What Is a Peacemaker?

winter roadSunday Message by Rev. Pat Bessey

It’s beginning to look a lot like Christmas, as snow is falling and it is chilly out. We are less than two weeks before Christmas day. Just a reminder about our Christmas services: there will only be the 10 a.m. service on December 24 and then our Christmas candle light service at 7 p.m. It is a perfect service to bring family and friends.

At the 10 a.m. service we will have coffee and tea and we invite you to bring baked cookies and other sweets that are family favorites to share with your spiritual family.

I want to give a shout out to Bonnie LePage for the years of service she has given to providing us with excellent audio/visual for our Sunday Celebration services. This Sunday she will be handing over the reins to Gary Wane and Andrew Williamson, who will continue giving us the best support any minister could ask for. Well done, Bonnie! Please take a minute to thank her for her good work.

This past Sunday was the second Sunday of Advent, and the word was peace. The focus of the message was taken from the Beatitudes: “Blessed are the peacemakers, for they shall be called the sons (and daughters) of the God of peace.” What is a peacemaker? Good question!

Let’s first look at what a peacemaking is not.

Peacemaking is not the absence of conflict. Peacemaking is not the avoidance of strife. Peacemaking is not the appeasement of parties. Peacemaking is not the accommodation of issues.

Peacemakers instead are pursuing all the beauty and blessedness of God upon another. William Barclay (writer of biblical commentary) translates this beatitude as, “They are people who produce right relationships in every sphere of life.”

Peacemaking is divine work. And Jesus is the supreme Peacemaker. He came to establish peace; his message was the demonstration of peace.

There have been many peacemakers in our lifetime, and one that I quote extensively in this talk is Fr. John Dear, who has been actively working for peace for 35 years. To hear more about Fr. Dear, listen to the Sunday message.

Another peacemaker that we are all familiar with is St. Francis of Assisi. Here is his famous prayer:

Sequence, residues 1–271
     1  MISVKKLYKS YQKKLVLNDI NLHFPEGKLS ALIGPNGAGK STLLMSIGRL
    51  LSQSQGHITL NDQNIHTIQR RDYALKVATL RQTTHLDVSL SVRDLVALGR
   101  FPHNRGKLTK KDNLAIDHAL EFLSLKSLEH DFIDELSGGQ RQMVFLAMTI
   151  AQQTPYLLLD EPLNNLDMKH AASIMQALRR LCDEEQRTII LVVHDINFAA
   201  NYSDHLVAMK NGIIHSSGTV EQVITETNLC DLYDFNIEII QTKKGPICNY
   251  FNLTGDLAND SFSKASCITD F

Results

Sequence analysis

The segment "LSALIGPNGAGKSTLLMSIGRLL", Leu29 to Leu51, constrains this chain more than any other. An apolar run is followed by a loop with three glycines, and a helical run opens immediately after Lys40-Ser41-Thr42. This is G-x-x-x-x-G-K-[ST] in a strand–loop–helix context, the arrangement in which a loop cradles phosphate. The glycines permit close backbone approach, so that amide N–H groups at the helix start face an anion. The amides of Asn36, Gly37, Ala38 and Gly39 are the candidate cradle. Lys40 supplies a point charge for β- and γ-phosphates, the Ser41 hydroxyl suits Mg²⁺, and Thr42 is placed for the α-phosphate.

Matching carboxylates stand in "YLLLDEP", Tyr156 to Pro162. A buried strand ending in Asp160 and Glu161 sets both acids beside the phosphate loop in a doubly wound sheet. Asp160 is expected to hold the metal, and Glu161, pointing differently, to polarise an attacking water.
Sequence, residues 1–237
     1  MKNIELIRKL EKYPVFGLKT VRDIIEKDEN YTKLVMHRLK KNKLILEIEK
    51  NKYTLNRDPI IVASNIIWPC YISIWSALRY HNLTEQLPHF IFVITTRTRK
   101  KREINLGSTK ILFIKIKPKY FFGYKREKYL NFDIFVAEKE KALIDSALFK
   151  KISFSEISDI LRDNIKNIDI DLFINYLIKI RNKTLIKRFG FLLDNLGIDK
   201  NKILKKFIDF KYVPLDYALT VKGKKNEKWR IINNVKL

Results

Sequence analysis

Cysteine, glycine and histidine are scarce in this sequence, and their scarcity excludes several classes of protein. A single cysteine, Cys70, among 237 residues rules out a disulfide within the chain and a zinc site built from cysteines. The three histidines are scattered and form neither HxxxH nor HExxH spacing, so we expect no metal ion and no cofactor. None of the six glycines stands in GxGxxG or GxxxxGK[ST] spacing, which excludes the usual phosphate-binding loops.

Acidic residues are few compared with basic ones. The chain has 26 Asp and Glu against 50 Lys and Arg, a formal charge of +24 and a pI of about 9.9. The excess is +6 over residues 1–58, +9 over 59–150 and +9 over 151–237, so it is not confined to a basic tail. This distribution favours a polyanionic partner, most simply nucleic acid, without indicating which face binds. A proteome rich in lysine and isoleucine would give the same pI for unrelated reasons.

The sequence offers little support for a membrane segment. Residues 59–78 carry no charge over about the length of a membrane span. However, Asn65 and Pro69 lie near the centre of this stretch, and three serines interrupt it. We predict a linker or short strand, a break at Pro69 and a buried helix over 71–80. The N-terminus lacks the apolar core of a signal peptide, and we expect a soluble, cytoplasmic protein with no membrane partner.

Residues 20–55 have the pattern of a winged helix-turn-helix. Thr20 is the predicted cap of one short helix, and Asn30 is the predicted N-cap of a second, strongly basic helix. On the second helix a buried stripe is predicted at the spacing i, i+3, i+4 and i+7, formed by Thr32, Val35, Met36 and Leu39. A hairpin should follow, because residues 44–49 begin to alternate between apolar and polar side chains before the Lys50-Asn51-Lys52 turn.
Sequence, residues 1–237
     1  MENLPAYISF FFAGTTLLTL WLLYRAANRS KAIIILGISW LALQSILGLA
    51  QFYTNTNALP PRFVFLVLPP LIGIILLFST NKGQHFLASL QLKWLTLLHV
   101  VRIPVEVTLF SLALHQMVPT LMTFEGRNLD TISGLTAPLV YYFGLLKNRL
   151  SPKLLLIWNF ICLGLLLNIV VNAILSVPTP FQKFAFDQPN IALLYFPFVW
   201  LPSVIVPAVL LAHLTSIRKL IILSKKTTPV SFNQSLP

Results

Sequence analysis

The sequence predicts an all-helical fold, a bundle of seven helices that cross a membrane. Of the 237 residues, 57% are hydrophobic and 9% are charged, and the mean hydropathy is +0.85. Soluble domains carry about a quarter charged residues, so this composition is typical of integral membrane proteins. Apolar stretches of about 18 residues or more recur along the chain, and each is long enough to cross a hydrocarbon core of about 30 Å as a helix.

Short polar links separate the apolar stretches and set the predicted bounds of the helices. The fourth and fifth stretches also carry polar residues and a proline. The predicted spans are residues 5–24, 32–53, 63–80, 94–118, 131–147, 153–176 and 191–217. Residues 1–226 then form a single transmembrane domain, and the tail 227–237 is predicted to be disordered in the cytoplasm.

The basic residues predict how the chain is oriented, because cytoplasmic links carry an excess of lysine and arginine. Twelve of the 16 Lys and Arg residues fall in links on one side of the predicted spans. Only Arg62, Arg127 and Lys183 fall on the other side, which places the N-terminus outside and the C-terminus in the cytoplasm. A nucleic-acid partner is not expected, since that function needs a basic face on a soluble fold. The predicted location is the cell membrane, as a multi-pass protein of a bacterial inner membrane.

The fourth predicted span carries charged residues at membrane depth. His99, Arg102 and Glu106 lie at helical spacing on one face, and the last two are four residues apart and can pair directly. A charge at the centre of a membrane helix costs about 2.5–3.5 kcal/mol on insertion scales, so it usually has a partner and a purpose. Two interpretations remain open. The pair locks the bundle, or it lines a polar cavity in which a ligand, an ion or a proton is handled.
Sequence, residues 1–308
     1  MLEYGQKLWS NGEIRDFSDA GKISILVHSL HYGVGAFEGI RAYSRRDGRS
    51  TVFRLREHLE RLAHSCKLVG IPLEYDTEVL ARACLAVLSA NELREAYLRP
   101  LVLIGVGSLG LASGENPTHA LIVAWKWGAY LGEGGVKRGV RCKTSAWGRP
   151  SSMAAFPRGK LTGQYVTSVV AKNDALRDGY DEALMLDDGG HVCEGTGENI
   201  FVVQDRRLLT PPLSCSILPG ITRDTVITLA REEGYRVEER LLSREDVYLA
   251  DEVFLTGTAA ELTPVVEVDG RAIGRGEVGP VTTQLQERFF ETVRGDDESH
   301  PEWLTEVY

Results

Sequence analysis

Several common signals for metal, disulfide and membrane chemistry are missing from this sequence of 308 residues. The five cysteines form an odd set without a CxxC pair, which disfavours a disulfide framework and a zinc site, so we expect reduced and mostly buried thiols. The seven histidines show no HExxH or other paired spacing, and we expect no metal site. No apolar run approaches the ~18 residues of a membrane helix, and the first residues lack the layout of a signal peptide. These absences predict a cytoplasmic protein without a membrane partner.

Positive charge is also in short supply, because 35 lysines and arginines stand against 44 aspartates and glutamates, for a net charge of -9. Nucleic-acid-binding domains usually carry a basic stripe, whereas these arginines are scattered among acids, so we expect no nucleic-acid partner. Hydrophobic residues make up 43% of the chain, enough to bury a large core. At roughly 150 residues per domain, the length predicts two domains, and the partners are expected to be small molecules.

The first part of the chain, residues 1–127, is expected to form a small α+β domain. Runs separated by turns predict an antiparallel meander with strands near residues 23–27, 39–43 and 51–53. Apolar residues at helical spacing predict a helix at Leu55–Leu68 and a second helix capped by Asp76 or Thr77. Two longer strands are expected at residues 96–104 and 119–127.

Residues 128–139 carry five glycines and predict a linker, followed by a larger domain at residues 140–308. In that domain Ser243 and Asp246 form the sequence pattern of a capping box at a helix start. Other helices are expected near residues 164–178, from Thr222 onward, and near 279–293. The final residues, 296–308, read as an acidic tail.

Lord, make me an instrument of Thy peace
Where there is hatred, let me sow love
Where there is injury, pardon,
Where there is doubt, faith
Where there is despair, hope
Where there is darkness, light
Where there is sadness, joy

O Divine Master, grant that I may not so much seek
To be consoled as to console
To be understood as to understand
To be loved as to love

For it is in giving that we receive
It is in pardoning that we are pardoned
It is in dying that we are born to eternal life. Amen.

This Sunday the 8 a.m. service talk will be about Love in honor of the third Sunday of Advent. At the 10 a.m. service our children will be presenting a Christmas play.

Awakening To Hope And Faith: The Christ Consciousness

Sunday Message by Rev. Pat Bessey

My heart is full to overflowing after the wonderful reception that both LeRoy and I received yesterday from this amazing community after having been away. It felt so good to be back!

The sanctuary is dressed to the nines for the holidays, thanks to Patti Lacombe and Randall Sawyer.

Please note that there will not be an 8 a.m. service on Christmas Eve morning, as we will be having a play put on by members of our community.

Advent began this past Sunday with the message of Hope and Faith. The focus of the message was that we are the light to dispel the darkness that seems to be surrounding us. Jesus, our elder brother and wayshower, came into the world to awaken within us the indwelling Spirit.

John 1:9 reads, “The true light, which enlightens everyone, was coming into the world.” The spiritual image and likeness in which we are all created is the I AM, the Christ, our own true Self or, as the Apostle Paul said: “. . . Christ in you, the hope of glory” (Colossians 1:27).

The Christ is not “born” in the sense that something comes into being that did not exist before. The birth of the Christ is really an awakening or enlightenment that takes place within our individual consciousness. It is an awakening to the divine nature expressing as the true, spiritual, higher Self. God’s perfect idea for humankind has always been, and will always be, for it is eternal.

Our greatest awareness is reached when we realize that Christmas is really our story — the story of the birth of the Christ in us! Let your true Self be revealed to you as never before… let it be born in the manger of your heart.

Here is an affirmation to carry with you this week: “I AM the Christ, an expression of the living God.”

As it’s been said, “Though Christ a thousand times in Bethlehem be born, if He is not born in thee, thy soul is still forlorn.” We are reborn as we awaken to this Presence!